MUTTAKIN RASHID ALVI
"Will she tie up my shoes when I grow old?" Mashpia’s father, Mr. Mamun was muttering. He had just reached home safely after a busy day in the office. His house was close to a river named Surma. It was almost midnight. His wife had a long hassle with him as he was very late that night. After entering into his daughter's science laboratory, he saw a small bed. He went to sleep on it.
The laboratory was smelly and unsuitable to stay. There were many mosquitoes moving around. Mashpia went near her father and said, “Papa, my room is free from flying insects. Please sleep there tonight.” Her father replied, “No need of that. Just spray the mosquito killer. That will be enough for me.” After saying that her father fell asleep. Mashpia was a great listener to her father. She searched for the insect killer all over the house. But eventually, she failed to find it.
Mashpia, feeling her father’s discomfort, brought a blanket and placed it over her father’s body. She knew that mosquitoes were perturbing her dad. So, she had sit next to her father and kept her eyes sharp. If there was even a single gnat on her father’s corpus, she would daunt it away. The whole night passed like this.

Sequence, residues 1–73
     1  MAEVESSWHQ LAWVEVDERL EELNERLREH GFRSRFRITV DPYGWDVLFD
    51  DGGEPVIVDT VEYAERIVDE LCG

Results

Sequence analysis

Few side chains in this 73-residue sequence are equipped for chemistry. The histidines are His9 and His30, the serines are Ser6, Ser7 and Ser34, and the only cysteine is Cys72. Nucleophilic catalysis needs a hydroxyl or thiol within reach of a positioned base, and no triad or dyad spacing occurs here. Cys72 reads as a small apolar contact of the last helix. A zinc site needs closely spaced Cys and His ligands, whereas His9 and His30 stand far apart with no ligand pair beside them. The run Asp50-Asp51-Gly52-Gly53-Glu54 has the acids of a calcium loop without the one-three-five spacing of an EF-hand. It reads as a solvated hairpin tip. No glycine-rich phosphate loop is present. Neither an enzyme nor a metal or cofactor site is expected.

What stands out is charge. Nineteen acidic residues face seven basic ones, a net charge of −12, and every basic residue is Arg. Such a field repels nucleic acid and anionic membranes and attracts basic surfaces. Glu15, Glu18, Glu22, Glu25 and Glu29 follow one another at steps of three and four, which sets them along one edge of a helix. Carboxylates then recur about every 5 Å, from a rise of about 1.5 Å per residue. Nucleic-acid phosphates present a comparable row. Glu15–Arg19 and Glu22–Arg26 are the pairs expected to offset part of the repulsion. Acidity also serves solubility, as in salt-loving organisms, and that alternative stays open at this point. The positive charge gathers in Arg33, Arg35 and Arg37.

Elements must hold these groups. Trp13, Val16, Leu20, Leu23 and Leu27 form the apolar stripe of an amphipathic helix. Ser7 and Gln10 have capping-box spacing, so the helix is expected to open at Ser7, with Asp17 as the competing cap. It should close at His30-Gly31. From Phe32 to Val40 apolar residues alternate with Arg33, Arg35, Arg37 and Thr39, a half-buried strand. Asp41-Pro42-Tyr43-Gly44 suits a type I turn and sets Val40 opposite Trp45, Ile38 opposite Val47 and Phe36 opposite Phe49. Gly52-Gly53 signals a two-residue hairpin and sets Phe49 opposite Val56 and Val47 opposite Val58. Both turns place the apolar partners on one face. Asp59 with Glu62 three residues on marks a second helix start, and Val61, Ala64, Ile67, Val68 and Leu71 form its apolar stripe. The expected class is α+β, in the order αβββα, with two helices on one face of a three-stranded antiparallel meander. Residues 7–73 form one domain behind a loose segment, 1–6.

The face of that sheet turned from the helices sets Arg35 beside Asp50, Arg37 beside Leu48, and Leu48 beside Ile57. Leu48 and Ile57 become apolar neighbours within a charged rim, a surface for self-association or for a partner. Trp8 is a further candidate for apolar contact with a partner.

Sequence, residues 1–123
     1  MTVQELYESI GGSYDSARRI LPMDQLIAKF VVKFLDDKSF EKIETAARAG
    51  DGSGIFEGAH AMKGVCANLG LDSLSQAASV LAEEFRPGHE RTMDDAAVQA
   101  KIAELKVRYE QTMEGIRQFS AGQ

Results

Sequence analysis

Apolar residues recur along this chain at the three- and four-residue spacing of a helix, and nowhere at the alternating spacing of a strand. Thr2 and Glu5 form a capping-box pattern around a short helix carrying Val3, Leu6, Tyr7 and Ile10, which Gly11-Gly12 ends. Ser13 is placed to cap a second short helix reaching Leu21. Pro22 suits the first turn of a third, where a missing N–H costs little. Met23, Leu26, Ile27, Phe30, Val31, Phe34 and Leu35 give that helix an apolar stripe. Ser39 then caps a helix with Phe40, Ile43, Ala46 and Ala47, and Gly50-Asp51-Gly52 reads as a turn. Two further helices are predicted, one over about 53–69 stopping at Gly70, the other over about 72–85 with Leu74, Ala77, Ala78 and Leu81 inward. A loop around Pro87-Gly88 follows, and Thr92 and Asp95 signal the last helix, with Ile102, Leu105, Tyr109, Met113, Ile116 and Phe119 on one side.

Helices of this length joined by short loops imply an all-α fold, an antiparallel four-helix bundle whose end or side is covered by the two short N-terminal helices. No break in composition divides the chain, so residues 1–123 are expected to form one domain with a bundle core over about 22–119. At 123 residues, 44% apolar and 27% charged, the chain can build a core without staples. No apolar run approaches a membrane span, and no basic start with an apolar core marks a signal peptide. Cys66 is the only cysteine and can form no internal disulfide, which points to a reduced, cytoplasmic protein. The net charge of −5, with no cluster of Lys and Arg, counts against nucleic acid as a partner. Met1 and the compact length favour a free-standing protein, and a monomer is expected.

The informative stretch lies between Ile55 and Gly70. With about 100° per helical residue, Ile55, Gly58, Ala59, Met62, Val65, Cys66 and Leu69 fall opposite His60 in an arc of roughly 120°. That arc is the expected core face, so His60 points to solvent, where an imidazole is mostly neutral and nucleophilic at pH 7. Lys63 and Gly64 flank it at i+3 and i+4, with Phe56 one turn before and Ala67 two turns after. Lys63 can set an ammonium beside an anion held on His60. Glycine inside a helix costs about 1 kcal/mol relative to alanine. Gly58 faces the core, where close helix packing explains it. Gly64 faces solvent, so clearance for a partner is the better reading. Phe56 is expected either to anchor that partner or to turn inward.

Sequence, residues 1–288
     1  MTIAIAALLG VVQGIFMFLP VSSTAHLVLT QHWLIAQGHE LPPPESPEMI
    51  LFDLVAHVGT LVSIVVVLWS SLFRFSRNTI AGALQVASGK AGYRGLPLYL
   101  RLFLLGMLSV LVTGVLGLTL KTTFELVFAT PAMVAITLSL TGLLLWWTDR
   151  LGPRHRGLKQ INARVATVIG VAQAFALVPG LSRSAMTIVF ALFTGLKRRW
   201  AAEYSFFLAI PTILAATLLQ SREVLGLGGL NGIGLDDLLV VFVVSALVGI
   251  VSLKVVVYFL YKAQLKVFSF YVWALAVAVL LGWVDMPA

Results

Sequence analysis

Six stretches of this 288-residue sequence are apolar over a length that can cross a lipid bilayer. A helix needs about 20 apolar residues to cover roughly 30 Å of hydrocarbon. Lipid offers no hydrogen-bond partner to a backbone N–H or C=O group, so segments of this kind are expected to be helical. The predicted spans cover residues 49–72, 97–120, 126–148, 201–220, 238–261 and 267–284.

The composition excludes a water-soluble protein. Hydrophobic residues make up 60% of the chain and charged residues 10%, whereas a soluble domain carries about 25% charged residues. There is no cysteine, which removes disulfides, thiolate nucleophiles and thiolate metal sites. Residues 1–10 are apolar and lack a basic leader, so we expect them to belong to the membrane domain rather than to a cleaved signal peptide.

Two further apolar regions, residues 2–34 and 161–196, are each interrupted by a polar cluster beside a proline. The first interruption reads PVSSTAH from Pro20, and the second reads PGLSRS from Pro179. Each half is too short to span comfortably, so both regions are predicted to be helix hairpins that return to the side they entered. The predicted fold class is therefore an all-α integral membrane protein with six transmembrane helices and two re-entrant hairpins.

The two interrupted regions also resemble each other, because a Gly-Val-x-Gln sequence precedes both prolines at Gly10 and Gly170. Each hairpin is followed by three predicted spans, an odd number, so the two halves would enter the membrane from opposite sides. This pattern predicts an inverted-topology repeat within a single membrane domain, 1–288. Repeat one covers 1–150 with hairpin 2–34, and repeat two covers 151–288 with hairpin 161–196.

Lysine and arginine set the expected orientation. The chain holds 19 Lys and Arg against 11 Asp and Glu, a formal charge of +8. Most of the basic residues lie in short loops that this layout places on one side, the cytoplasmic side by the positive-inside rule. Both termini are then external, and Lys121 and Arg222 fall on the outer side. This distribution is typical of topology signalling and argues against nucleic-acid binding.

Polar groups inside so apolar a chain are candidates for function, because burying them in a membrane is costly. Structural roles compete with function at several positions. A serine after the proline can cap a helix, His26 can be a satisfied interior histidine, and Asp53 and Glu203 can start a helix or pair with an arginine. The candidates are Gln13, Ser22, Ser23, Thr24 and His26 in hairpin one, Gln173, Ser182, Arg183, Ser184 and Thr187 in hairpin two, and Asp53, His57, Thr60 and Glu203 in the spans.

The sun rose. Sunrise offered a celestial perspective. The water was quite calm, but the motion communicated by the currents was so outstanding that although there was not a breath of air stirring, the river heaved slowly with a grand and majestic motion. It was 5.40 am when Mashpia’s father, Mr. Mamun woke up. He saw that her daughter was sitting very close to her with a paper in her hand. He asked his daughter why she was holding it and why she was there. She replied that she couldn’t find the insect killer anywhere in the house. She added that she wanted to save her dad from mosquitoes and so she was there to do the duty of a great daughter. At this, Mashpia’s father became very pleased with her and prayed to Almighty for her success in life. And after about fifteen years, she got herself a chance to read in the University of Harvard. She didn't want to leave her family. Eventually, she left. One year later she wrote a letter to her father saying, “Papa,please sit on my favorite chair,
No longer you miss the way you caressed my hair.
Papa,don't worry about the times I stumbled and fell,
Now I can take my steps pretty well.
I found someone to fix the lose boards,
Having fun doing the household chores,
Papa, I finally realized that I'm okay,
I agree with you, really it's better this way.”